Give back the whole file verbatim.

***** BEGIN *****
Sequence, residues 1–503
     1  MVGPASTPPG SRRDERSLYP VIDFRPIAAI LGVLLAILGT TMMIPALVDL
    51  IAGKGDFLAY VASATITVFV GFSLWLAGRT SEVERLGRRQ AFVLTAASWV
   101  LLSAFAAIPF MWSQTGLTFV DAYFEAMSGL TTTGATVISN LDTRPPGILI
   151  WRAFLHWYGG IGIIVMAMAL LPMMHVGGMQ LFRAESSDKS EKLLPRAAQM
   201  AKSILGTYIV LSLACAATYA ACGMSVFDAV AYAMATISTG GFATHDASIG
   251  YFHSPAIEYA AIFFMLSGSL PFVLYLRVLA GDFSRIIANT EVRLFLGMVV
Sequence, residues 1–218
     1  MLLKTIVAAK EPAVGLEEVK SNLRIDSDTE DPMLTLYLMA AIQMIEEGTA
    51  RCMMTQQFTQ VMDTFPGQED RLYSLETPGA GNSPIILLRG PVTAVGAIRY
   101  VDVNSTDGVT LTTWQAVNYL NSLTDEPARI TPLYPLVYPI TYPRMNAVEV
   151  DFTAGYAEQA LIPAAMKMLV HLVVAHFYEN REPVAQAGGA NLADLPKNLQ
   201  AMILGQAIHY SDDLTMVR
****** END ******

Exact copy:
Sequence, residues 1–503
     1  MVGPASTPPG SRRDERSLYP VIDFRPIAAI LGVLLAILGT TMMIPALVDL
    51  IAGKGDFLAY VASATITVFV GFSLWLAGRT SEVERLGRRQ AFVLTAASWV
   101  LLSAFAAIPF MWSQTGLTFV DAYFEAMSGL TTTGATVISN LDTRPPGILI
   151  WRAFLHWYGG IGIIVMAMAL LPMMHVGGMQ LFRAESSDKS EKLLPRAAQM
   201  AKSILGTYIV LSLACAATYA ACGMSVFDAV AYAMATISTG GFATHDASIG
   251  YFHSPAIEYA AIFFMLSGSL PFVLYLRVLA GDFSRIIANT EVRLFLGMVV
Sequence, residues 1–218
     1  MLLKTIVAAK EPAVGLEEVK SNLRIDSDTE DPMLTLYLMA AIQMIEEGTA
    51  RCMMTQQFTQ VMDTFPGQED RLYSLETPGA GNSPIILLRG PVTAVGAIRY
   101  VDVNSTDGVT LTTWQAVNYL NSLTDEPARI TPLYPLVYPI TYPRMNAVEV
   151  DFTAGYAEQA LIPAAMKMLV HLVVAHFYEN REPVAQAGGA NLADLPKNLQ
   201  AMILGQAIHY SDDLTMVR